Searching over 5,500,000 cases.


searching
Buy This Entire Record For $7.95

Official citation and/or docket number and footnotes (if any) for this case available with purchase.

Learn more about what you receive with purchase of this case.

Grose v. Lew

United States District Court, Western District of Tennessee, Western Division

February 26, 2015

ANTHONY T. GROSE, SR., Plaintiff,
v.
JACOB J. LEW, Secretary, United States Department of the Treasury, Defendant.

ORDER ADOPTING REPORT AND RECOMMENDATION, DENYING PLAINTIFF’S MOTION FOR SUMMARY JUDGMENT AND GRANTING DEFENDANT’S MOTION FOR SUMMARY JUDGMENT

JAMES D. TODD UNITED STATES DISTRICT JUDGE

The pro se Plaintiff, Anthony T. Grose, Sr., filed this employment discrimination action against the U.S. Treasury Secretary (“Secretary”). (ECF No. 1.) On January 13, 2012, the Court dismissed the complaint except for the claims against the Secretary alleging discrimination on account of race, age, and disability under Title VII of the Civil Rights Act of 1964, 42 U.S.C. § 2000e et seq., the Age Discrimination in Employment Act (“ADEA”), 29 U.S.C. § 621 et seq., and the Rehabilitation Act of 1973, 29 U.S.C. § 701 et seq. (ECF No. 8.) On April 4, 2014, Plaintiff filed a motion for summary judgment (ECF No. 76), and Defendant filed a motion to dismiss or, alternatively, for summary judgment (ECF No. 77).

United States Magistrate Judge Claxton issued a Report and Recommendation (“R&R”) on July 30, 2014, in which she recommended that Defendant’s motion to dismiss for failure to exhaust administrative remedies be granted as to the claims stemming from EEO administrative complaints EEODFS-06-0847-F and EEODFS-07-1159-M and denied as to the claims arising from EEODFS-08-0166-F. (ECF No. 83 at 5-13.) In addition, Magistrate Judge Claxton recommended the parties’ motions for summary judgment be denied for failure to provide accurate citations to the evidence in the record, as required by Federal Rule of Civil Procedure 56(c) and Local Rule 56.1(a)-(b). (Id. at 17-20.)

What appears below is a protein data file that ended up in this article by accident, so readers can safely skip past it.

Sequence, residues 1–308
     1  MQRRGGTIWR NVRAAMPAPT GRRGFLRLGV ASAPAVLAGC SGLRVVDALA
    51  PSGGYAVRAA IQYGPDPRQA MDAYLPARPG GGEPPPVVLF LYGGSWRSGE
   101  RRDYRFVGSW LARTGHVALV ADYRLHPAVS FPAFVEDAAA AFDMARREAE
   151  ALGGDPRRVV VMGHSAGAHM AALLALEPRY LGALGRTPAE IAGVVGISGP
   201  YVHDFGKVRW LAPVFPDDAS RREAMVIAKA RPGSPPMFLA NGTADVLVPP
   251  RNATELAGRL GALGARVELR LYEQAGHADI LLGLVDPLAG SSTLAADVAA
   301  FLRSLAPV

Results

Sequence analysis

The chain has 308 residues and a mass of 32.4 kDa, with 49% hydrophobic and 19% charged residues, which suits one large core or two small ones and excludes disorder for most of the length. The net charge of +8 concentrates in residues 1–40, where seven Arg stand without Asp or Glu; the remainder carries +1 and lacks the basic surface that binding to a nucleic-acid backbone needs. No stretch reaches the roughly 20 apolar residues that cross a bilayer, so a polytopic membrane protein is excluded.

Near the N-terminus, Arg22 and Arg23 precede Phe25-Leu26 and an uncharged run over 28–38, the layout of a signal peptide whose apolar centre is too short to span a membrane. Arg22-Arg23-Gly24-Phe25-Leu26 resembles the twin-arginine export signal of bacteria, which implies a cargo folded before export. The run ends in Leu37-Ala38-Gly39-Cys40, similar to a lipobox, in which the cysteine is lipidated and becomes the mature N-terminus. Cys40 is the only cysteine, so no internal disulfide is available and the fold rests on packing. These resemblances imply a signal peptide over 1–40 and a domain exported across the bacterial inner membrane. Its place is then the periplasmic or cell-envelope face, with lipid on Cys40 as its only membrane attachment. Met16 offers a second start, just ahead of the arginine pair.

On October 3, 2014, the Court adopted the R&R as to the motion to dismiss on the exhaustion issue. (ECF No. 98 at 4.) The Court also agreed that the motions for summary judgment should be denied, but allowed the motions to be renewed and set out specific requirements for briefing.[1] (Id. at 5-6.) After the motions for summary judgment were renewed (ECF Nos. 101 & 108), the Magistrate Judge issued another R&R on January 16, 2015 (ECF No. 113). She recommended that Plaintiff’s motion for summary judgment be denied and that Defendant’s motion be granted on the grounds that Plaintiff has failed to establish a prima facie case of discrimination under either the Rehabilition Act, Title VII, or the ADEA.

Plaintiff filed timely objections to the R&R on February 6, 2015. (ECF No. 116.) The Court has reviewed the parties’ motions and the applicable law, and has considered Plaintiff’s objections. While he vigorously asserts that the Magistrate Judge’s conclusions are incorrect and that both Magistrate Judge Claxton and the undersigned judge are biased against him, the Court finds that Plaintiff has still failed to establish a prima facie case of either race, age, or disability discrimination. Therefore, the Court agrees with the Magistrate Judge’s recommendation. She has thoroughly explained her decision, and the issuance of a more detailed written opinion would be unnecessarily duplicative and would not enhance this Court’s jurisprudence. Therefore, the Court ADOPTS the R&R. For the reasons set forth therein, Plaintiff’s motion for summary judgment is DENIED, and the Defendant’s motion for summary judgment is GRANTED.

The Clerk is directed to prepare a judgment.

IT IS SO ORDERED.


Buy This Entire Record For $7.95

Official citation and/or docket number and footnotes (if any) for this case available with purchase.

Learn more about what you receive with purchase of this case.